How rape kit DNA and an intrepid investigator unraveled a serial rape case
CLEVELAND, Ohio – By the time Stacey Fifer started investigating John Doe #2, he was already the suspect in six rapes.
Fifer, a Bureau of Criminal Investigation special agent working with Cuyahoga County's Sexual Assault Kit task force, caught the seventh case. It was a 2003 rape reported by 39-year-old woman who said she was forced into a car and raped in a vacant lot on Cleveland's East Side.
Investigators had his DNA found in rape kits collected from women in 1993, 1994, 1995, 2000 and 2003.
Clues to the suspect's identity were otherwise sparse.
He was an average-sized black man. One victim said he spoke with a "thick tongue." And he often wielded a gun, using the weapon to coerce the women into his car or to take their clothes off, according to the police reports.
At least once a victim said he used it.
In 1994, a 36-year-old woman told police the man who raped her fired three shots at her as she fled the Buick he'd attacked her in near East 80th Street in a vacant lot.
Other times, he threatened their lives.
On Aug. 18, 2003, a 29-year-old woman told police he threatened to "shoot her in the head and put her head in a bag and dump her body," never to be found. The woman, who said the man forced her into his car at gunpoint, ran sobbing into Cleveland's Fourth District police station lobby shortly after the attack.
The man told her he was from Chicago but had to leave because he'd "killed some people."
A little more than two months later, on Oct. 26, 2003, a woman reported the rape that would eventually lead Fifer to her suspect.
Indicting DNA profiles
Early on, with little to go on to identify John Doe #2, prosecutors used a novel legal move to indict his DNA profile, essentially a string of letters and numbers that indicate specific genetic markers.
Those indictments preserved the right to prosecute several of the the cases, which otherwise would have expired with a 20-year statute of limitations. That window to prosecute has since been extended to 25 years, and now has a special extension for rape and sexual battery cases with DNA evidence.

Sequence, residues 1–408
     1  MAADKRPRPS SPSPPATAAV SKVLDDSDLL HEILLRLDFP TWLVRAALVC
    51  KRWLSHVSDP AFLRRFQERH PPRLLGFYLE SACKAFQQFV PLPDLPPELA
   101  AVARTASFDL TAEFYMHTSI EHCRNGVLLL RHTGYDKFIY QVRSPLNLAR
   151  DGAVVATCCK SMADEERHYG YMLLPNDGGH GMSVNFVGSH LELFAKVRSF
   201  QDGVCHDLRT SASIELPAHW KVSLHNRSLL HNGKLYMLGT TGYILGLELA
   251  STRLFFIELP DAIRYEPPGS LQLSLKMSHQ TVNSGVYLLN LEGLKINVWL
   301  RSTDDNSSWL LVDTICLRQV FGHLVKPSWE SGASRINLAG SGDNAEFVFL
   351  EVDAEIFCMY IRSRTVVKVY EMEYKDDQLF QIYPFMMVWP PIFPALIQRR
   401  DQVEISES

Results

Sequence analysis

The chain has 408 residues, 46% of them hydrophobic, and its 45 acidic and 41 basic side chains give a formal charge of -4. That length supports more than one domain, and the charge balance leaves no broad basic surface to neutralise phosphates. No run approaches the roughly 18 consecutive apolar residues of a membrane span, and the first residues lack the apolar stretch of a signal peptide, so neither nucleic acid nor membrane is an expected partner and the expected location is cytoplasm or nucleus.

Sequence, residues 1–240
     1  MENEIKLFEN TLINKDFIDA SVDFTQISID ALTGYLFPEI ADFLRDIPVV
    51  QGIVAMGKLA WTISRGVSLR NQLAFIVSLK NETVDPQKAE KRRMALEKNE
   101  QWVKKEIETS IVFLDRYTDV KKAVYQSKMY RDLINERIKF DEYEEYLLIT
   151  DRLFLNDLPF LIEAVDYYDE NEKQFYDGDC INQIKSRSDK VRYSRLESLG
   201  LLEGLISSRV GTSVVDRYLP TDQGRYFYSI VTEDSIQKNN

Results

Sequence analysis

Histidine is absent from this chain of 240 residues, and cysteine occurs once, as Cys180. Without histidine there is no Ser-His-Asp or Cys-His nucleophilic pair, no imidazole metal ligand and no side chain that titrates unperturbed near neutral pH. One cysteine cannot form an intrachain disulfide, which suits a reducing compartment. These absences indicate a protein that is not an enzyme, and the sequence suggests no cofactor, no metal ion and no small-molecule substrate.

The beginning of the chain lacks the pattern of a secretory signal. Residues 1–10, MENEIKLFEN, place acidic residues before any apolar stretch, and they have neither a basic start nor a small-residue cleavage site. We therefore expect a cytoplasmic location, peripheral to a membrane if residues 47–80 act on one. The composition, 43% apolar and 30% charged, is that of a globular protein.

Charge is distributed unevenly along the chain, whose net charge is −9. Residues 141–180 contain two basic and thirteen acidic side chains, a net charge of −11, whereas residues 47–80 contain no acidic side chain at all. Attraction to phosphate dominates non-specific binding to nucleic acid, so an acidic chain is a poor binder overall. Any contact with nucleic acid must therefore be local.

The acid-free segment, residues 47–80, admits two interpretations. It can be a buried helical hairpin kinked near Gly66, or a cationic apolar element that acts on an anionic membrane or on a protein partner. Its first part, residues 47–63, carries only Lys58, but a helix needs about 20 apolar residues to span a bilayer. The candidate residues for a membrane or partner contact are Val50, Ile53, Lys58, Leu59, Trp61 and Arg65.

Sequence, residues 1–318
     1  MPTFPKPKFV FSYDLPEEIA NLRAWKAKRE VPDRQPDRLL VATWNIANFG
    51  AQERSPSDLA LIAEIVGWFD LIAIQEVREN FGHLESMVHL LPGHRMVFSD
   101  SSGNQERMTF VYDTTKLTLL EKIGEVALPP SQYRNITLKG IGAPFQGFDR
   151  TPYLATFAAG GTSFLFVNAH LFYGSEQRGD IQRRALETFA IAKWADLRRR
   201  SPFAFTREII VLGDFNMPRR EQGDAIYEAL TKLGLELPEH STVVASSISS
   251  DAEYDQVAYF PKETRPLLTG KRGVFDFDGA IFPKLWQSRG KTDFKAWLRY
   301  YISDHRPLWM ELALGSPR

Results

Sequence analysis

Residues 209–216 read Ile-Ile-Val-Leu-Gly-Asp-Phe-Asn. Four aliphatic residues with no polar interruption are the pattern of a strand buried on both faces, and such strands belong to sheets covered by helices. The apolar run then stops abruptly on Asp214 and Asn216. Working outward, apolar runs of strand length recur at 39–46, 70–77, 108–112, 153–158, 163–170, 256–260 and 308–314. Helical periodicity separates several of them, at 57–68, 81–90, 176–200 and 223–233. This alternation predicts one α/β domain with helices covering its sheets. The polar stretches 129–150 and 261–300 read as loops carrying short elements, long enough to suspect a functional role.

John Doe #2 is among 114 similar cases where DNA was indicted. Of those, seven have since been identified; three were convicted by judges or juries, two were found not guilty; charges against one were dismissed by a judge.
He is also among 500 men indicted in Cuyahoga County since the rape kit testing project started more than 5 years ago.
Ohio Attorney General Mike DeWine lauded Cuyahoga County Prosecutor Timothy McGinty's tactic of aggressively seeking indictments in "John Doe" cases, a practice he encourages other counties and cities to consider using.
A suspicious carjacking
The case assigned to Fifer consisted, at first glance, of a single police report.
A 39-year-old woman said a man ordered her into his car. His hand was wrapped in something that appeared to her to be a gun.
The man drove to a field near East 75th and Rawlings Avenue where she says he raped her.
When the man was distracted, the woman jumped from the car and ran to the nearby Orlando Baking Co. screaming for help.
She left behind a shoe, a jacket and some personal papers.
As Fifer reviewed the details of the crime reported 12 years earlier, she noticed something interesting in police records -– a mention of another crime report.
Fourteen minutes after the 39-year-old woman called Cleveland police, dispatchers got another call.
That call was from a guy who told a dispatcher he was carjacked. He had fallen asleep at a stoplight and woke up to see a man with a gun, he said. The man got into his car with two other people - a man and a woman -- who forced him to drive to a vacant lot, he said.
When the carjacker attempted to drive out of the vacant lot, the car got stuck on a brick retaining wall.
That's where police found it. They took photos. On the ground in the field was some scatted paperwork and the jacket.
The rape case was closed after police couldn't contact the victim. The carjacking case also went unsolved.
For Fifer, the carjacking report held a new importance.
The man who made the report, Fifer thought, might lead them to a serial rapist -– or he might be one.
"It just didn't add up as far as the details in the report. It looked as if he was our suspect, at least to me," Fifer told fellow task force members during a weekly meeting.
Fifer tracked down Jonas Rhodes, the man who made the carjacking report. He was 58 and living on Cleveland's East Side.
Rhodes' DNA was not in state or federal crime databases. He hadn't been arrested or convicted of a felony crime, which requires a swab of genetic material to be collected.
Rhodes' most serious charges locally were for soliciting (he went through a special program in 1992 to have the charges dropped) and having an open container. Other records about his life are sparse, he's been married four times. He was sued twice in cases that involved fast food restaurant chains.
Rhodes allowed Fifer to collect the swab of his DNA, which she sent to the Bureau of Criminal Investigation lab the same day. Three days later, she learned Rhodes was a match to her case. The chances it was someone other than him was rare. Less than one in a trillion chance.
Read the entire story at Cleveland.com